In 1699, a French explorer who sailed along the coast of South America, Gouin de Beauchesne, reported a strange discovery at Puerto Deseado in what is now Santa Cruz province, Argentina.
Mariners used to stop at that point since it has a fresh water spring - hence its name "Spring Bay". Finding water is quite infrequent along the Patagonian coast, so it was a well known place.
His men disembarqued and explored the surroundings. They found a skeleton of a horse and the animal's hoofs were so strange that they removed a leg and took it back on board with them as a curio.
Beauchesne kept it and later showed it to some "Spaniards who regularly trade horses in Chile, who told [him] that that horse had fed in a sandy region due to the bulge it had on its hoof, which caused it to not go far from where [they] found it." 
What strange deformity did the animal have on its hoofs? Or... were its hoofs normal and those of a pre-hispanic native American horse (supposedly extinct at the time)? By the way, do these horses' hoofs differ from those of modern Eurasian ones?
I have written about Hippidions in a post back in 2009 (Extant Prehispanic Horses?), but Goin de Beauchesne's report could be additional proof of their survival until recently.
Sandy terrain hoofs
Wild horses tend to have short heels (which are more comfortable=, the third phalanx and the sole are parallel to the ground. The "white line" has a stronger positition when resting than the third phalanx due to the small angles of the hoof. This configuration bends the leg and cushions impact when the horse trots. See the image below:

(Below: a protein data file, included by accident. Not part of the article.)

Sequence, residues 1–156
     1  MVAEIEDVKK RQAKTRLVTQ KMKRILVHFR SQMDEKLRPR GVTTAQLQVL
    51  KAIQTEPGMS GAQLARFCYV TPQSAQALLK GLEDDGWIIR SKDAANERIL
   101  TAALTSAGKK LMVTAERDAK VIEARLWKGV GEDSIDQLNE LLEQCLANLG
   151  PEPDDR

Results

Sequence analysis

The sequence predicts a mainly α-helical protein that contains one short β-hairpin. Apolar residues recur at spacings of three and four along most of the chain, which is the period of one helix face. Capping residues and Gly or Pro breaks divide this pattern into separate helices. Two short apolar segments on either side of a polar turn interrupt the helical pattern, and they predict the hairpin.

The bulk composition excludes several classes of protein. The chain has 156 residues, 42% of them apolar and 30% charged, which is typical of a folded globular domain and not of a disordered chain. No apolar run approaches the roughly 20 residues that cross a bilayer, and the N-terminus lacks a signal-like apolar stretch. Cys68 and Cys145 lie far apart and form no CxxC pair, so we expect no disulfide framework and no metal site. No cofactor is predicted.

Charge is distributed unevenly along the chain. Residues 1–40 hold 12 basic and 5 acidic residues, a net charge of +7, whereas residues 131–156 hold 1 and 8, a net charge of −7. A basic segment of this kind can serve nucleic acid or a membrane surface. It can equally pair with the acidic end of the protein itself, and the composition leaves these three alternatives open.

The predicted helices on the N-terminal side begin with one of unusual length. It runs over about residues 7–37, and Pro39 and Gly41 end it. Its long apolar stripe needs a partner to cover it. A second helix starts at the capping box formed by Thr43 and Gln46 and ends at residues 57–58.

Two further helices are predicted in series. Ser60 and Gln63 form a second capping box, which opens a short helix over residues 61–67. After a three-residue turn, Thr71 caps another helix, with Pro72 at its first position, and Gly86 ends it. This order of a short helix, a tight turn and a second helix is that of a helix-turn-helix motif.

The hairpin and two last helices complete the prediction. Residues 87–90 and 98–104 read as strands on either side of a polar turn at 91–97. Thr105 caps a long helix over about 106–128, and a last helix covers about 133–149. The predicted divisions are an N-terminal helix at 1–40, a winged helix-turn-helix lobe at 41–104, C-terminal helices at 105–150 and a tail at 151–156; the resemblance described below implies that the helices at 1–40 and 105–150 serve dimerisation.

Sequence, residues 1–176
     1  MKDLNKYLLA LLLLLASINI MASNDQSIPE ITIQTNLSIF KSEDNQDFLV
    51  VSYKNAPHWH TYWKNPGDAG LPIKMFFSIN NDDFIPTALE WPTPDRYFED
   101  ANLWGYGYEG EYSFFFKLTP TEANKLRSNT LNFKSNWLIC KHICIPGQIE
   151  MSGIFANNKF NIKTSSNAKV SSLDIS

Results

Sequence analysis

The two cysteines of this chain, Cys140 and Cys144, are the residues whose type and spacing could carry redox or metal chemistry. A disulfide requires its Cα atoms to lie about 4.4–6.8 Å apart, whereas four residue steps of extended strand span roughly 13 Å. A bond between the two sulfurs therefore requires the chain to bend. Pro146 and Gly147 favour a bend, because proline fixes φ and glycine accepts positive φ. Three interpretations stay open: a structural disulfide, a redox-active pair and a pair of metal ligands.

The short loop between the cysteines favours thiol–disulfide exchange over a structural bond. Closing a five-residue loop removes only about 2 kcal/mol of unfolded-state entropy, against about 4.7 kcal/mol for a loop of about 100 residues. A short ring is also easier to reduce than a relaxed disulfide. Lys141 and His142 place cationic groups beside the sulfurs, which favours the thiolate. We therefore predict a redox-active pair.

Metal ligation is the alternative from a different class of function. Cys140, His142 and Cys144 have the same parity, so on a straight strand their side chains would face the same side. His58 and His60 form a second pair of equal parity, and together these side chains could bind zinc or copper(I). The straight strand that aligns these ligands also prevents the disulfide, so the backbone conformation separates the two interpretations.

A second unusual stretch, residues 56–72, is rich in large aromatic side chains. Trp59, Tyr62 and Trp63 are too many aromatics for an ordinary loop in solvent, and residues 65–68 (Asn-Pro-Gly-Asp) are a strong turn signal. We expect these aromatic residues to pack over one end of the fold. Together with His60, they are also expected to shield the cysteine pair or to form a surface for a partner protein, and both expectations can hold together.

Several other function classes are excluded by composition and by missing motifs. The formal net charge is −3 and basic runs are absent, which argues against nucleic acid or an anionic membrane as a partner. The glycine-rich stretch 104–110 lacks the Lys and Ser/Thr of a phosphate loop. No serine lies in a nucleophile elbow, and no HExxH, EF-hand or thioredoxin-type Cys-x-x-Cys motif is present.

But what were the hoofs of a Hippidion (the horse, native to America, that is believed to have become extinct just a few millennia before the arrival of European horses (after 1492 AD) like?
Below is the image of a Hippidion hoof (from ), it looks quite similar to a wild horse's hoof:
Of course since hippidion was a "wild" horse it is likely that its hoofs, like those of modern wild horses, adopted a characteristic shape due to lack of horse shoes and the rugged Patagonian terrain.
On the other hand the horse remains may have surprised the sailors because of its vestigial phalanxes, which are not so noticeable in modern horses.
It is a pity that there is no drawing or sketch of this horse's leg
 Relation du voyague du Sr. de Beuchesne au Chili dans la du sud de l'Amerique... Manuscript Paris Vicennes library.
 www.alexbrollo.com, El Casco.
 Maria T. Alberdi, Laura Miotti and Jose L. Prado. Hippidion saldiasi Roth, 1899 (Equidae, Perissodactyla), at thePiedra Museo Site (Santa Cruz, Argentina): Its Implication forthe Regional Economy and Environmental Reconstruction. Journal of Archaeological Science (2001)28, 411–419doi:10.1006/jasc.2000.0647
Patagonian Monsters - Cryptozoology, Myths & legends in Patagonia Copyright 2009-2014 by Austin Whittall ©